Monday, December 28, 2009

books

When You Are Engulfed In Flames, by David Sedaris: Hilarious. His voice (listened to this on the drive back) is off-putting and took some getting used to, and the first few stories weren't great, but from then on were some of the most hilarious short stories I've ever heard. (In particular, Solution to Saturday's Puzzle.) I'm surprised he's on the radio with such a voice. The title piece was the worst.

Create Your Own Economy, by Tyler Cowen: I adore Tyler Cowen but this book was disappointing. It's hard to pinpoint why. Maybe it's that nothing was too profoundly true and unexpected, but it's very likely that I'm the exact wrong person to be surprised or even intrigued by what he is saying, so that that would be too personal a critique to be worth passing on. Maybe it's that a few things were frustratingly wrong or presented badly, in particular the entire discussion of autism as such (which is one of the unifying themes for the whole book, unfortunately). I may rant about that separately later but don't feel like getting into it right now. Or maybe it's just that he uses words in unorthodox ways and invented phrases without being specific enough about what he means, so that I spent a lot of time distracted by trying to figure out what "creating your own economy" means (I think I finally understand, and think even in hindsight that's a horrible way to put it) and figuring out which of the many meanings of the word "story" he is currently referring to, than actually being blown away by the discussion. But again, I have stronger preferences for precision than most, so who knows. Maybe you'll love it.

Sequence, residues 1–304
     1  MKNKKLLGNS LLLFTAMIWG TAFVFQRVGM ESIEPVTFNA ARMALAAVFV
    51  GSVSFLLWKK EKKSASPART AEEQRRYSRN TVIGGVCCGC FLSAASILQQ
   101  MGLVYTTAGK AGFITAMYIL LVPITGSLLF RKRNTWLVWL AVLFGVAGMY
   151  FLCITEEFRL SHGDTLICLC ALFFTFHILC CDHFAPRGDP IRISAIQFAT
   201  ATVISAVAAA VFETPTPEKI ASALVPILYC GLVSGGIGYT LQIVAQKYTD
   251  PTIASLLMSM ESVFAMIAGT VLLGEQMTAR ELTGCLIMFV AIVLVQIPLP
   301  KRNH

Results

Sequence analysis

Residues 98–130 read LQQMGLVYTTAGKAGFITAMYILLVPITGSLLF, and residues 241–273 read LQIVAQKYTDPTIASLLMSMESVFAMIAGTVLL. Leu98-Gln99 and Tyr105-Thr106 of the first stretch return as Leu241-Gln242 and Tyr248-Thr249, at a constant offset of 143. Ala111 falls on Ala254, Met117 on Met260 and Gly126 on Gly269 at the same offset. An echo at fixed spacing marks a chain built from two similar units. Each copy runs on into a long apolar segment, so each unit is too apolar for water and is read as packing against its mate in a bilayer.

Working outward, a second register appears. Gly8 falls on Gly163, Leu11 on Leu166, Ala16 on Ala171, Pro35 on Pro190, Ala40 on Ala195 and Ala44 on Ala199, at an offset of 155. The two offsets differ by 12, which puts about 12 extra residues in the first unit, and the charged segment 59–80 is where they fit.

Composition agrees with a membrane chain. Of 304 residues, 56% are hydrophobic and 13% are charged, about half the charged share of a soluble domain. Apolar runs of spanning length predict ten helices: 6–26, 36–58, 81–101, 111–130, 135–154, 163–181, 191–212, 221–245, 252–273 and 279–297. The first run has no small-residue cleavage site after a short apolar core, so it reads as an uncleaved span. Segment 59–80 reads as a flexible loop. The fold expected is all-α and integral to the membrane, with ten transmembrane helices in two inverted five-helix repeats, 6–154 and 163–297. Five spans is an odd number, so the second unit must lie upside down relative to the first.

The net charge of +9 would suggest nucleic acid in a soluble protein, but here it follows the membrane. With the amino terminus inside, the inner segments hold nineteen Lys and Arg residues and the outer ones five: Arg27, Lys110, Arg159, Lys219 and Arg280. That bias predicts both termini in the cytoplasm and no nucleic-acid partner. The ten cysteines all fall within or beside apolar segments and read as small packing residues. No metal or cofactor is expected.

A Mathematician's Apology, by G.H. Hardy - Endearingly absolutist and haughty, in the sense it's very clear a mathematician wrote it. A fireside-and-cocoa of books, for the mathematically tickled audience. And it only takes an hour or so.